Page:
To many, the construction industry is synonymous with hard hats and concrete and an all-around aura of robustness. So, it might come as something of a surprise that it is founded on an incredibly delicate ecosystem. Mohamed Alsoofi (pictured), senior underwriter, commercial lines, at TruStar, has seen this first-hand during the decade he has spent in the insurance industry and it is an essential part of what he enjoys most about his role within the construction insurance sector.
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Offering an overview of the challenges impacting the sector, Alsoofi emphasised the ever-evolving nature of the industry, and how pressing concerns are constantly reshuffled by market changes and unprecedented events. COVID-19 springs to mind when the word “unprecedented” is used, but he noted that while the crisis had impacted virtually all aspects of life, the construction industry had managed to rebound relatively quickly.
“This is driven by the frenzy over residential housing, and strong investment in new residential and infrastructure projects,” he said, “plus the fact that construction in Canada was one of the first industries to be legislated to go back to work after the start of the pandemic. Nonetheless, over the past year, the construction industry did witness a crucial development, which was the steep rise in the price of lumber. In some instances, that increase was reported to be greater than 200%.
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“This spike was fuelled not only by the increased demand but also by reduced supply, as well as a perfect storm of other social, economic, and environmental circumstances. This is why this increase has lasted this long as opposed to the more cyclical fluctuation in pricing, which is usually around 5%. Eventually, this supply and demand might go back to “normal”, but that is unlikely to happen in 2021 and it is believed that it could linger for another couple of years.”
This poses enormous challenges for the construction industry as the swiftly rising prices of materials is impacting builders, diminishing supplies, causing delays, boosting costs, and adding an extra level of uncertainty to the budgeting process. In addition, he said, because of rising lumber prices, thefts of these materials have also increased. As a result, insurers will now require that correspondingly appropriate security measures be put in place to tackle this concern.
Not all the knock-on effects of such market changes are negative, Alsoofi noted, however, and the lumber pricing concern has opened up builders to considering switching to non-combustible building materials. These would typically be much more expensive, but between the narrowed price difference and the fact that the insurance coverage for non-combustible construction projects is significantly more affordable, it could end up being more cost-effective for builders to resort to constructions that are not wood framed.
For Alsoofi and his team at TruStar, a significant part of their role hinges on keeping insureds and brokers up to date on the changes and developments sweeping the sector. The insurance industry is and must be very reactive, he said. As an underwriter, he works very closely with all relevant stakeholders to ensure that their end clients are provided the necessary coverages while simultaneously ensuring that all parties involved in the process are exercising the full due diligence required to accomplish the project in an exemplary manner.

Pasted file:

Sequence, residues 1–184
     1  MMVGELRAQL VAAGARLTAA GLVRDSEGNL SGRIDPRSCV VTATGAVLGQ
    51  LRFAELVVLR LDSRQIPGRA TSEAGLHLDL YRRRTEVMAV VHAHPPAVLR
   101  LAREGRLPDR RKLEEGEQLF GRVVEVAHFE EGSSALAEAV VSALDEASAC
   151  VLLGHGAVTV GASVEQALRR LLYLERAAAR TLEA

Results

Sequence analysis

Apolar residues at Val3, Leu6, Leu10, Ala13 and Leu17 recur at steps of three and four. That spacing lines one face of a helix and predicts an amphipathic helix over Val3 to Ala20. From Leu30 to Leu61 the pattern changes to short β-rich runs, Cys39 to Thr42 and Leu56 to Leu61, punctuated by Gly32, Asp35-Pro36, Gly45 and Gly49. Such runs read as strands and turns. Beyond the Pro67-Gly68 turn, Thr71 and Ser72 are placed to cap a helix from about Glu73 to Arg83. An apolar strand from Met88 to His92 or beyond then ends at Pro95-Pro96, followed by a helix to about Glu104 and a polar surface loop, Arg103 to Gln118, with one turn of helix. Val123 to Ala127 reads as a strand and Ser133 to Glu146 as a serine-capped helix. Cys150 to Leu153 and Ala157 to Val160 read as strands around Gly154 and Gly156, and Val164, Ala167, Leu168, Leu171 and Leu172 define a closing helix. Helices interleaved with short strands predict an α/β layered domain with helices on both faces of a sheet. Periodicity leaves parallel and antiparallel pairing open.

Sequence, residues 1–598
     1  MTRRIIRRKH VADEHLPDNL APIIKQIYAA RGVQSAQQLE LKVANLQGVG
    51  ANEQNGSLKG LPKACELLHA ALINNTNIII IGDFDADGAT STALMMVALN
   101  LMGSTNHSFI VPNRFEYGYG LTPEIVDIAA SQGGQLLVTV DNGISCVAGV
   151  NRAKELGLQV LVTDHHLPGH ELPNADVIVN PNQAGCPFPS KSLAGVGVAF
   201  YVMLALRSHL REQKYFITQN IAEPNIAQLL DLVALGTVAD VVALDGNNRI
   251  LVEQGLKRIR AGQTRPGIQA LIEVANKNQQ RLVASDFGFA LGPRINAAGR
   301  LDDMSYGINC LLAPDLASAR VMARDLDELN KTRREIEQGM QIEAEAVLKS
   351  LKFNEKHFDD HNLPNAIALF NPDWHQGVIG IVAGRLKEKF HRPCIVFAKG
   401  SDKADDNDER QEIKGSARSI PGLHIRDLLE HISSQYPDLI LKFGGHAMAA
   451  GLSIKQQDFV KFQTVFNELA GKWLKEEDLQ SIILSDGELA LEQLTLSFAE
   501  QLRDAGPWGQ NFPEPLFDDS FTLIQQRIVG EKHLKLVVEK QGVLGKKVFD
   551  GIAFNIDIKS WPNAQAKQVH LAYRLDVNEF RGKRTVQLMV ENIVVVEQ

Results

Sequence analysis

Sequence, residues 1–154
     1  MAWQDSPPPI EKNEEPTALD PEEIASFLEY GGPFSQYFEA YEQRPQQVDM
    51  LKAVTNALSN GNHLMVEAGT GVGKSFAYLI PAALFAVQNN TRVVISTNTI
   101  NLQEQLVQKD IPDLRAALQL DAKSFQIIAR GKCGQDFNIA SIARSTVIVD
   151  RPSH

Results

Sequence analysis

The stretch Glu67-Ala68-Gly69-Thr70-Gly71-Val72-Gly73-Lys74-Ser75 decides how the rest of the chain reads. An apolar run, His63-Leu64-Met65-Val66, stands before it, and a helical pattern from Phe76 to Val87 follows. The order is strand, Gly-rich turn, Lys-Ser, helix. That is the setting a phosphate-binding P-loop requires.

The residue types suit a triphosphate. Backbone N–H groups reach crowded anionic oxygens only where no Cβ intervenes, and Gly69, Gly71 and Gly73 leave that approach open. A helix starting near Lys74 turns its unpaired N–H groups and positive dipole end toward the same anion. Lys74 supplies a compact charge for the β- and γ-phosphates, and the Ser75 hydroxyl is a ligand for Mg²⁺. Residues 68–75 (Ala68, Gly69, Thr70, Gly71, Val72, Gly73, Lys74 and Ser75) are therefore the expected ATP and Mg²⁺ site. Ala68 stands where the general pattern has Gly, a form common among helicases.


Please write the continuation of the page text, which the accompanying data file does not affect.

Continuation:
“It would be counterproductive for me as an insurer to tighten and restrict coverage if it leaves the client feeling unprotected,” he said. “As such, I believe it is crucial for there to be an accord between the two sides to reach reasonable agreements that are favourable to everyone involved. For example, if a certain standard practice in construction is deemed to be highly risky, it could be beneficial to come to an acknowledgement that an alternative technique, which might be more costly, but much less risky, would still lead collectively to a better and more efficient environment.”
From his perspective, Alsoofi said, he has seen a tendency to underplay the importance of the role of the broker in the construction insurance space and treat it as the “middleman” between the insurance company and the client. However, a broker’s role is extremely important, as they not only ensure that a client’s coverage fits their very specific requirements, but they also work closely with the insurer to make sure that every part of the process works together holistically to the benefit of all involved.
“Brokers don’t have the easiest job because they are pulled by the stringent insurance requirements from one end and the need to provide very competitive terms from the other end. But the broker possesses the efficiency needed to fuse these two things, to provide the ideal solution to both parties,” he said. “I am consistently speaking to brokers who may be concerned about the last-minute issues that can pop up. And while those could worry me too, my job is to focus on having a solution-oriented approach towards everything.”
Overall, Alsoofi said, when he looks at the current lay of the construction land, he is optimistic about the continued success of the space. More challenges will inevitably arise, both familiar and unprecedented, but he has seen for himself the tenacity and creativity of both the insurance and the construction industries when it comes to tackling such issues. The knowledge and know-how exist to offset these concerns and provide solutions going forward, he said, so he is positive about the future.
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